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A nationwide cohort study of slipped capital femoral epiphysis
  1. Daniel C Perry1,
  2. David Metcalfe2,
  3. Matthew L Costa2,
  4. Tjeerd Van Staa3
  1. 1 Institute of Translational Medicine, University of Liverpool, Liverpool, UK
  2. 2 Nuffield Department of Orthopaedics, Rheumatology and Musculoskeletal Sciences (NDORMS), University of Oxford, Oxford, UK
  3. 3 Health eResearch Centre, University of Manchester, Manchester, UK
  1. Correspondence to Dr Daniel C Perry, Institute of Translational Medicine, University of Liverpool, Liverpool, L12 2AP, UK; danperry{at}liverpool.ac.uk

Abstract

Objectives To describe the epidemiology of slipped capital femoral epiphysis (SCFE), to examine associations with childhood obesity and socioeconomic deprivation, and to explore factors associated with diagnostic delays.

Design Historic cohort study using linked primary and secondary care data from the Clinical Practice Research Datalink and Hospital Episode Statistics.

Setting All contacts with healthcare services, including emergency presentations, outpatient appointments, inpatient admissions and primary care visits, within the UK National Health Service.

Patients All individuals <16 years old with a diagnosis of SCFE and whose electronic medical record was held by one of 650 primary care practices in the UK between 1990 and 2013.

Main outcome measures Annual incidence, missed opportunities for diagnosis and diagnostic delay.

Results Over the 23-year period the incidence remained constant at 4.8 (95% CI 4.4 to 5.2) cases per 100,000 0–16-year-olds. There was a strong association with socioeconomic deprivation. Predisease obesity was also strongly associated with SCFE; mean predisease z-score of body mass index was 1.43 (95% CI 1.20 to 1.68) compared with the UK reference mean. Diagnostic delays were common, with most children (75.4%) having multiple primary care contacts with relevant symptomatology, and those who presented with knee pain having significantly longer diagnostic delay (median 161 (IQR 27–278) days) than those with hip pain (20 (5–126)) or gait abnormalities (21 (7–72)).

Conclusions SCFE has a strong association with both area-level socioeconomic deprivation and predisease obesity. The majority of patients with SCFE are initially misdiagnosed and those presenting with knee pain are particularly at risk.

  • delayed diagnosis
  • misdiagnosis
  • descriptive epidemiology
  • slipped capital femoral epiphyses

This is an Open Access article distributed in accordance with the Creative Commons Attribution Non Commercial (CC BY-NC 4.0) license, which permits others to distribute, remix, adapt, build upon this work non-commercially, and license their derivative works on different terms, provided the original work is properly cited and the use is non-commercial. See: http://creativecommons.org/licenses/by-nc/4.0/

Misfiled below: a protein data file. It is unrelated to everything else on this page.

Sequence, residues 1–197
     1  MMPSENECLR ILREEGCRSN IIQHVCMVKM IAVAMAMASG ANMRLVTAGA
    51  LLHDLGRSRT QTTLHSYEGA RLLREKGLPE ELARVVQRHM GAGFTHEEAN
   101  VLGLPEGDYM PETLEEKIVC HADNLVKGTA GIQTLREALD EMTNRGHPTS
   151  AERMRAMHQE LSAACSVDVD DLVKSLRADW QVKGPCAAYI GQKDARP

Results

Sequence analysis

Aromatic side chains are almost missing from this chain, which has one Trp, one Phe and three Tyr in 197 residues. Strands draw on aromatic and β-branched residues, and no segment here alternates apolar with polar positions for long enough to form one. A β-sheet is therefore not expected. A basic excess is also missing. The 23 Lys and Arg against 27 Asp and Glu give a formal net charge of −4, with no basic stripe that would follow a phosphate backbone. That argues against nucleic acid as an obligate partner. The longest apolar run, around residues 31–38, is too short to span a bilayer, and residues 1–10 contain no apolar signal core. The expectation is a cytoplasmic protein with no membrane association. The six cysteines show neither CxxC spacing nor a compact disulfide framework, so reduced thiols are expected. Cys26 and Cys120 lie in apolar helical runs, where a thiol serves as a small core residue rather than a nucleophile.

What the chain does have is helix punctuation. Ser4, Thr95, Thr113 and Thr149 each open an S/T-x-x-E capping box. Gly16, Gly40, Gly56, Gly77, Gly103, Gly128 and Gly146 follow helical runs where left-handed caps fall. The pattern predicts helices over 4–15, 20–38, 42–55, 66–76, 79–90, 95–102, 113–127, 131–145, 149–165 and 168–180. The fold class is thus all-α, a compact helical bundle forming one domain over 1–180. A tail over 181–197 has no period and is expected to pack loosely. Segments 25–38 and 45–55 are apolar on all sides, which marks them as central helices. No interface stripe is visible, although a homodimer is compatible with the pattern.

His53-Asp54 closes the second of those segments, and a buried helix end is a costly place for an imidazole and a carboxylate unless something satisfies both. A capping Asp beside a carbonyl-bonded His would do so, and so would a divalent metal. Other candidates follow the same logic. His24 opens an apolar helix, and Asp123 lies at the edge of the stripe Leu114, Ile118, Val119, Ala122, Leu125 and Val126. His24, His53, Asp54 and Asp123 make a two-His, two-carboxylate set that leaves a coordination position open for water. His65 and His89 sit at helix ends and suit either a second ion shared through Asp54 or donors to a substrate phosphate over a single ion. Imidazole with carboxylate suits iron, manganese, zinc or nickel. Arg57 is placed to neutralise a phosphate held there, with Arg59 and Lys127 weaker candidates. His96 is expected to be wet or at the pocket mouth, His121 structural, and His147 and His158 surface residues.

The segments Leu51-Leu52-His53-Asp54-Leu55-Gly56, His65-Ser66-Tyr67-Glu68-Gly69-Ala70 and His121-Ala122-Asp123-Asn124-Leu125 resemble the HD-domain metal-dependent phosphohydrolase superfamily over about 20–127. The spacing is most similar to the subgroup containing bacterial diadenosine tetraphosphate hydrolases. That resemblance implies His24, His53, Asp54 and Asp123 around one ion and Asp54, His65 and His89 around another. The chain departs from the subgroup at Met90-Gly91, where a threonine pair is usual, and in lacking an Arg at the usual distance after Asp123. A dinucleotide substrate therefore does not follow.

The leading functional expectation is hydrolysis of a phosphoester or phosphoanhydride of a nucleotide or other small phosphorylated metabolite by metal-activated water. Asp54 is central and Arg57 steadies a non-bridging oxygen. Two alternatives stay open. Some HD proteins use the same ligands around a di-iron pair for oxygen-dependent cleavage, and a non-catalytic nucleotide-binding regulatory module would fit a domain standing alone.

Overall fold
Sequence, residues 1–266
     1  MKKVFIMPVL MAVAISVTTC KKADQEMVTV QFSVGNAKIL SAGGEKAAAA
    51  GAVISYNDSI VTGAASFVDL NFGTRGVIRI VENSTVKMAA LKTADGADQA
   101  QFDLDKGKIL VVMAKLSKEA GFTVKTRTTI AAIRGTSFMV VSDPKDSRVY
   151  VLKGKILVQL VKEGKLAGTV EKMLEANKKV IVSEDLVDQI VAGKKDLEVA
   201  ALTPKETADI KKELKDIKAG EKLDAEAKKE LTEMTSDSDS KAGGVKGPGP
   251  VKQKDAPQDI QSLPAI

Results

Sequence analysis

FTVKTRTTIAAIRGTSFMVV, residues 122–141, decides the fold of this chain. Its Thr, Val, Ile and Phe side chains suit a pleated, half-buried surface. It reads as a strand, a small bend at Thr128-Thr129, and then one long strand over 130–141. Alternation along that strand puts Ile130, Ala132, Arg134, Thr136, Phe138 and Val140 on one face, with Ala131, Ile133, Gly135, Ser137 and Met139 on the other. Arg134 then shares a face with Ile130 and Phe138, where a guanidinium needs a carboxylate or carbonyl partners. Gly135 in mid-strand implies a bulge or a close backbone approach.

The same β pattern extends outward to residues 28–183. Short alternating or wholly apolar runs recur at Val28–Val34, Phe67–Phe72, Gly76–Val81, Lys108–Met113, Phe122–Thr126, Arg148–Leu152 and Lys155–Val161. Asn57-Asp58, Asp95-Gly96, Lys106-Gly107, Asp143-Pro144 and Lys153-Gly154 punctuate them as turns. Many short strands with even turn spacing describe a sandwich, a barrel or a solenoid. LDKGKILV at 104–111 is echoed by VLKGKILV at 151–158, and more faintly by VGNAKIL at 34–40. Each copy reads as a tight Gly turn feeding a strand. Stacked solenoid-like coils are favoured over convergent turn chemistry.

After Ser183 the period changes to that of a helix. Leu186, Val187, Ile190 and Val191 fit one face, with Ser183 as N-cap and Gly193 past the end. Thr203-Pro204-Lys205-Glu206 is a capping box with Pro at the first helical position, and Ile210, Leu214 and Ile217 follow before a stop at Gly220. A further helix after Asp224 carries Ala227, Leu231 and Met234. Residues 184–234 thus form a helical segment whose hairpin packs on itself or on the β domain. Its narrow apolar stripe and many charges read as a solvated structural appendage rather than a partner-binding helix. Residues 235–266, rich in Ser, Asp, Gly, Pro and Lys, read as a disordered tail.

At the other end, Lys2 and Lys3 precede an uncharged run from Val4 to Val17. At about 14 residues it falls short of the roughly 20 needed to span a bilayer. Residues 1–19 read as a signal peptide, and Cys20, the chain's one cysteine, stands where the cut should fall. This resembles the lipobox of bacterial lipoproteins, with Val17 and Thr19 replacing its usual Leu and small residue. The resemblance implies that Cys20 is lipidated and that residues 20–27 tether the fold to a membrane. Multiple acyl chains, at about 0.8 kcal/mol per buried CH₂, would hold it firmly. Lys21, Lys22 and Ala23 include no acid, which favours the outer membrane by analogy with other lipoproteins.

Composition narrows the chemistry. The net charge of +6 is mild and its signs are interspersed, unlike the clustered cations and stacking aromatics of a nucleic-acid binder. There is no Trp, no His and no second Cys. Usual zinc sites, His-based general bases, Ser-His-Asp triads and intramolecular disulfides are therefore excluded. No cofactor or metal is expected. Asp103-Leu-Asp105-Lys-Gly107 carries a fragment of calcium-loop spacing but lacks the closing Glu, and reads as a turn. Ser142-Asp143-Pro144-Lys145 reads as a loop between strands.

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Footnotes

  • Contributors DCP conceived the study, undertook the data analysis and drafted the manuscript. DM contributed to the study design, data analysis and drafting of the manuscript. MLC and TVS contributed to the study design, helped interpret the data and made important critical revisions to the manuscript.

  • Funding This work was supported by the Academy of Medical Sciences Starter Grants for Clinical Lecturers (cofunded awards from the Academy, Wellcome Trust, Medical Research Council, British Heart Foundation, Arthritis Research UK, the Royal College of Physicians and Diabetes UK). DCP is funded by a National Institute for Health Research as an NIHR Clinician Scientist.

  • Competing interests None declared.

  • Provenance and peer review Not commissioned; externally peer reviewed.

  • Data sharing statement Pursuant to the terms of our data sharing agreement with the data owners, no additional data are available from the corresponding author. Further data may be available on application directly to NHS Digital.

  • Correction notice This paper has been amended since it was published Online First. Owing to a scripting error, some of the publisher names in the references were replaced with ’BMJ Publishing Group'. This only affected the full text version, not the PDF. We have since corrected these errors and the correct publishers have been inserted into the references.

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